Omaha (/ˈoʊməhɑː/ OH-mə-hah) is the largest city in the state of Nebraska, United States, and is the county seat of Douglas County. It is located in the Midwestern United States on the Missouri River, about 10 miles (15 km) north of the mouth of the Platte River. Omaha is the anchor of the Omaha-Council Bluffs metropolitan area, which includes Council Bluffs, Iowa, across the Missouri River from Omaha. According to the 2010 census, Omaha's population was 408,958, making it the nation's 41st-largest city. According to the 2014 Population Estimates, Omaha's population was 446,599. Including its suburbs, Omaha formed the 60th-largest metropolitan area in the United States in 2013 with an estimated population of 895,151 residing in eight counties. The Omaha-Council Bluffs-Fremont, Nebraska-IA Combined Statistical Area is 931,667, according to the U.S. Census Bureau's 2013 estimate. There are nearly 1.3 million residents within a 50-mile (80 km) radius of the city's center, forming the Greater Omaha area.
Omaha is a city in Nebraska, U.S.
Omaha may also refer to:
Omaha (March 24, 1932 – April 24, 1959) was a United States Thoroughbred horse racing champion. In a racing career which lasted from 1934 through 1936, he ran twenty-two times and won nine races. He had his greatest success as a three-year-old in 1935, when he won the Triple Crown. As a four-year-old, he had success running in England, where he narrowly lost the Ascot Gold Cup.
Foaled at Claiborne Farm in Paris, Kentucky, Omaha was a chestnut horse with a white blaze who stood 16.3 hands high. He was the son of 1930 U.S. Triple Crown winner Gallant Fox and the mare Flambino. Omaha was the third horse to ever win the Triple Crown, which he did in 1935. Flambino also produced the Ascot Gold Cup winner Flares and was the sister of La France, the direct female ancestor of many notable thoroughbreds including Danzig Connection, Decidedly, and Johnstown.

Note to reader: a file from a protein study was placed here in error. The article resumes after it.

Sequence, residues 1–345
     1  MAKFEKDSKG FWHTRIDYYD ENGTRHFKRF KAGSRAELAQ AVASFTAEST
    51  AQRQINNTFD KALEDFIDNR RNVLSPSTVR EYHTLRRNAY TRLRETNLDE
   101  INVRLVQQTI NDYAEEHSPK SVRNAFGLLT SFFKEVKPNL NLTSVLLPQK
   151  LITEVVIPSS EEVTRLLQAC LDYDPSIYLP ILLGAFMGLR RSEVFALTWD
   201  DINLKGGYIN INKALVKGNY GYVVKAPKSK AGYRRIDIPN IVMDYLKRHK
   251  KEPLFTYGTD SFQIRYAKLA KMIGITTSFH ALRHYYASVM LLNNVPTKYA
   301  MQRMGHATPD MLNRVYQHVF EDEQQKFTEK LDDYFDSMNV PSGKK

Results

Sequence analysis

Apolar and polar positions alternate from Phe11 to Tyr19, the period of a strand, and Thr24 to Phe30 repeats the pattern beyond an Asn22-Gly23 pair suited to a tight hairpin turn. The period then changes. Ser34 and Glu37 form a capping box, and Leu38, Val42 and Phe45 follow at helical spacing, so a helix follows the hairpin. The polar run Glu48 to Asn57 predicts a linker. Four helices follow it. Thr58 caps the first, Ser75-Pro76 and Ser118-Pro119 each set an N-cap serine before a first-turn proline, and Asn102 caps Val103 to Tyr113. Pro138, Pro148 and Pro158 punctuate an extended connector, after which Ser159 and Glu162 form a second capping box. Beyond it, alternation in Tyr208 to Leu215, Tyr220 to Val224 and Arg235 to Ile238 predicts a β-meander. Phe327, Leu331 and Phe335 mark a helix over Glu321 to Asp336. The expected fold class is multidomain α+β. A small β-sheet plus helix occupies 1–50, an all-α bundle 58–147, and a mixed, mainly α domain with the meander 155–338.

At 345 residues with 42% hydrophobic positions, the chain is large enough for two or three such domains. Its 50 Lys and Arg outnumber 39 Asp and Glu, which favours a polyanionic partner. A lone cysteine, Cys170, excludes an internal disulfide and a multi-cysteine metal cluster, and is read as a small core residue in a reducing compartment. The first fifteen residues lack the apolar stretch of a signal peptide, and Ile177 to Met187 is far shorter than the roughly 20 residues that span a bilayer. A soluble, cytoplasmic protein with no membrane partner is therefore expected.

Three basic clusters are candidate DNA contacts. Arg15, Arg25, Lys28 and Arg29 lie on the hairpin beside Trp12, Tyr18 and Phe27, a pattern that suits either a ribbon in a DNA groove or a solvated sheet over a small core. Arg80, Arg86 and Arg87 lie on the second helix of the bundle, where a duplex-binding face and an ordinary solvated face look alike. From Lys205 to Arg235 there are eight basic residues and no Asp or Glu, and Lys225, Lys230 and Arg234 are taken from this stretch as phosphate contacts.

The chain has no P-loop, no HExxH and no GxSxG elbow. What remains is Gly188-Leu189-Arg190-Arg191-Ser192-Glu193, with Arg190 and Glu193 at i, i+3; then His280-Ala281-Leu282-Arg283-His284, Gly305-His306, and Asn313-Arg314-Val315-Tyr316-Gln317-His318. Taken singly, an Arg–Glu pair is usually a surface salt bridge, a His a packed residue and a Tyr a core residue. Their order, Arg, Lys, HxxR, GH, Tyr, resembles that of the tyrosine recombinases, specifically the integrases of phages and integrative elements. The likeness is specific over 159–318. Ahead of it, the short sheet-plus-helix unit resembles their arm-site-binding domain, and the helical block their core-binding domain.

The horse was owned by and bred William Woodward, Sr.'s famous Belair Stud in Bowie, Maryland. He was trained by Sunny Jim Fitzsimmons, who also trained Omaha's sire to the Triple Crown. As a yearling, Omaha was leggy and awkward-looking but a favorite of Woodward, who reportedly considered sending the horse to England to be trained for the Epsom Derby. In the event, Omaha's move to England was postponed until 1936. He was ridden to his biggest wins by Canadian jockey Smokey Saunders.
A council is a group of people who come together to consult, deliberate, or make decisions. A council may function as a legislature, especially at a town, city or county level, but most legislative bodies at the state or national level are not considered councils. At such levels, there may be no separate executive branch, and the council may effectively represent the entire government. A board of directors might also be denoted as a council. A committee might also be denoted as a council, though a committee is generally a subordinate body composed of members of a larger body, while a council may not be. Because many schools have a student council, the council is the form of governance with which many people are likely to have their first experience as electors or participants.
A member of a council may be referred to as a councillor, or by the gender-specific titles of councilman and councilwoman.
Notable examples of types of councils encountered in politics include:
The program of the Boy Scouts of America is administered through 273 local councils, with each council covering a geographic area that may vary from a single city to an entire state. Each council receives an annual charter from the National Council and is usually incorporated as a charitable organization. Most councils are administratively divided into districts that directly serve Scout units.
Councils fall into one of four regions: Western, Central, Southern, and Northeast. Each region is then subdivided into areas. The total number of councils depends on how they are counted:
The council level organization is similar to that of the National Council. Councils are headed by a collective of three people known as the 'Key 3'. The Key 3 consists of the Scout executive, a paid employee who administers a staff of professional Scouters; a council president, a volunteer, serves as the chairman of a volunteer board of directors; and a council commissioner, also a volunteer, coordinates the efforts of trained volunteers who provide direct service to the units (Cub Scout packs, Boy Scout troops, etc.).
A council is a group of people who come together to consult, deliberate, or make decisions. In England "the council" is a widely used term to refer to the county, borough, metropolitan, etc. council responsible for local government in a place.
Council may also refer to: